After bringing home their colorful, sugar-laden bounty from a successful night of Trick or Treat, millions of AmericanHappy Halloween children will spend the coming weeks locked in a battle of wills with their parents over how much of the spoils they are allowed to enjoy, and how often they'll have access to it. One of the most common strategies parents employ, based upon a supposed connection between sugar and hyperactivity, will ensure that parents lose that battle...at least, in a scientific sense.
When kids are “bouncing off the walls,” it's not uncommon to hear parents call a temporary halt to all sugar consumption in an effort to save their sanity. One of the most pervasive myths in parenting, the belief that sugar promotes hyperactivity, this connection is solidified in the minds of millions of parents (Ghanizadeh & Zarei, 2010), reinforced at Halloween by one of the most persuasive types of evidence: their own children’s behavior. But, as we skeptics know, personal experience isn’t always the best indicator of reality. Let’s take a closer look at the claimed connection between sugar and hyperactivity, and see if it’s really so clear-cut.
Although the link between food and behavior has a long history, it became especially popular after the 1973 publication of the Feingold Diet, a dietary regimen promoted by an allergist named Benjamin Feingold, M.D. In it, he warned parents of hyperactive children to avoid foods with artificial colorings and flavorings, as well as salicylates (salts and esters of salicylic acid). Although it wasn’t specifically implicated, it makes sense that sugar was next on the chopping block, given kids’ almost universal obsession with the stuff. A 1978 study by Langseth and Dowd, published in the journal Food and Cosmetics Toxicology, reported that children diagnosed with hyperkinetic symptoms were significantly more likely to test positive for reactive hypoglycemia (aka, low blood sugar). Thus was born the “scientific” basis of hyperactivity and sugar in all children.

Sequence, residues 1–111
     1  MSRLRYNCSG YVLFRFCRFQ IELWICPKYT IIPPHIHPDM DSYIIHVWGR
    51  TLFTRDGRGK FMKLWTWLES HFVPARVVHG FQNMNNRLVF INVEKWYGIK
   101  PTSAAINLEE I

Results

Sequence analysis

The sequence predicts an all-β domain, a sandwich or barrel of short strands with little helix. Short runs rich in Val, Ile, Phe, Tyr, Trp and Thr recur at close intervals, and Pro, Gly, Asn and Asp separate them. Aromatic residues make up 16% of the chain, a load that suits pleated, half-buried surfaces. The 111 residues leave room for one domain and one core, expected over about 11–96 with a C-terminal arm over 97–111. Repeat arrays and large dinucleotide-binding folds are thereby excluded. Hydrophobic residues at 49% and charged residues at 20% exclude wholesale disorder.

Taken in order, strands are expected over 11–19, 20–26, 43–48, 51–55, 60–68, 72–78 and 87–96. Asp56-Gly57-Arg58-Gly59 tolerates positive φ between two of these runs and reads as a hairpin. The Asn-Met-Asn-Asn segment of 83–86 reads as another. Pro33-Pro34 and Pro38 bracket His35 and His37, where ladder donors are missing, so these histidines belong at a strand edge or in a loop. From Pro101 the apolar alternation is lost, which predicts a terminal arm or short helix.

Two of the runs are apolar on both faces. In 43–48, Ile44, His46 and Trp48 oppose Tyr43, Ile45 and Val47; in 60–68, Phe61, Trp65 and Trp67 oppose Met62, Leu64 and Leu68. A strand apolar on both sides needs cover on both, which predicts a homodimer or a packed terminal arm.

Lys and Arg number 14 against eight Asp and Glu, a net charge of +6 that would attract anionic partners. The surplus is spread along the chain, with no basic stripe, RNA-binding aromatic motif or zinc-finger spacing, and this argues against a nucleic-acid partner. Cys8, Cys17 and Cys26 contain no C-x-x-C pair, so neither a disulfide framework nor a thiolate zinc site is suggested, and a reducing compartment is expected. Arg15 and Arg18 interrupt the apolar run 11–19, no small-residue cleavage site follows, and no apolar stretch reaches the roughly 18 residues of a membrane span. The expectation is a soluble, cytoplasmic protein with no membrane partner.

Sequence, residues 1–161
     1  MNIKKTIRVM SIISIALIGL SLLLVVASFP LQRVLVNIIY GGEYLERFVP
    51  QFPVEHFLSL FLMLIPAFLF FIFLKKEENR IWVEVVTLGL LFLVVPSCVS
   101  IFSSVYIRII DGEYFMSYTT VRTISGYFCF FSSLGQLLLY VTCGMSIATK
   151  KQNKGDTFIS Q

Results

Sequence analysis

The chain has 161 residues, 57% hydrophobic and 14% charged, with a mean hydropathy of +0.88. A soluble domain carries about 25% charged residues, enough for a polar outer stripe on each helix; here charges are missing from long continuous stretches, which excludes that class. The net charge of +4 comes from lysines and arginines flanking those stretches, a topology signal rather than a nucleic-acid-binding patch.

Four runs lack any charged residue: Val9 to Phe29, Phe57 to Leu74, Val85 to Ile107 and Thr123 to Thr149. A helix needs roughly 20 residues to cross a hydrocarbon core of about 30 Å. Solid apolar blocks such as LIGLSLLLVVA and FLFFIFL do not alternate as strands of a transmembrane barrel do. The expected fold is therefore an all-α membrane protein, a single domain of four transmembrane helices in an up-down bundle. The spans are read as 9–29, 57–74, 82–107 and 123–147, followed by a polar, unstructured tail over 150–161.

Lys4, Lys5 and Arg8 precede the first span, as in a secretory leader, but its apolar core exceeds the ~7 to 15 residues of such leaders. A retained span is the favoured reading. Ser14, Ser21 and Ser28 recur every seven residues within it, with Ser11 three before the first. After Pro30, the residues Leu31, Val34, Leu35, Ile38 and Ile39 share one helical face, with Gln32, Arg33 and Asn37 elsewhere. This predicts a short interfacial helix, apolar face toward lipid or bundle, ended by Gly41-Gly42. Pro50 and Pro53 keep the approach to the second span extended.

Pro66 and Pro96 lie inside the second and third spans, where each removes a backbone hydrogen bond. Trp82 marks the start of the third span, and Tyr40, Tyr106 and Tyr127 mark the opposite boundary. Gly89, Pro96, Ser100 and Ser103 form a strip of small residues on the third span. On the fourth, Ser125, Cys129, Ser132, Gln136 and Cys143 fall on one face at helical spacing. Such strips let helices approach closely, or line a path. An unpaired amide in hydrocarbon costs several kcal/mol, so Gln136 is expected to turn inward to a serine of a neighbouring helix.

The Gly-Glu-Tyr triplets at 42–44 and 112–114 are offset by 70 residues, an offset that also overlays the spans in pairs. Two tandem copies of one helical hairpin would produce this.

In the years since, and given the almost ubiquitous nature of this belief, surprisingly few studies have investigated the connection scientifically. Over the years, a handful of well designed studies has examined sugar and children’s behavior, however. The results are clear. Despite careful measurement of the amount of sugar given to each child, the use of a placebo (e.g., sugar-free candy), and double-blind procedures (i.e., no one involved knew which children were given real sugar until after the data were collected), NO CONNECTION between sugar and hyperactivity has been found (Wolraich, Wilson, & White, 1995).
In fact, although obesity and tooth decay are serious concerns, depriving children of all sugar may actually be detrimental to their normal growth and functioning. Flora and Polenick (2013) warn that, “for behavior and academic problems, limiting sugar consumption should not be a treatment focus and may be counterproductive” (p. 513).
So the lesson here is threefold. First, good parenting requires the monitoring of your child’s diet to ensure healthy, well-balanced meals. Second, medical conditions notwithstanding, a sugary treat now and then isn’t likely to make a difference in your child’s overall health. And third, if your child is particularly excitable around candy, it’s probably because she’s excited about candy, not due to any behavioral effects of the sugar she’s eating.
Flora, S. R. & Polenick, C. A. (2013). Effects of sugar consumption on human behavior and performance. The Psychological Record, 63, 513-524.
Ghanizadeh , A., & Zarei , N. (2010). Are GPs adequately equipped with the knowledge for educating and counseling of families with ADHD children? BMC FamilyPractice, 11, 1–5.
Langseth, L., & Dowd, J. (1978). Glucose tolerance and hyperkinesis. Food and Cosmetics Toxicology, 16, 129–133.
Wolraich, M. L.,Wilson, D. B., & White, J. W. (1995).The effect of sugar on behavior or cognition in children: A meta-analysis. JAMA, 274(20), 1617-1621.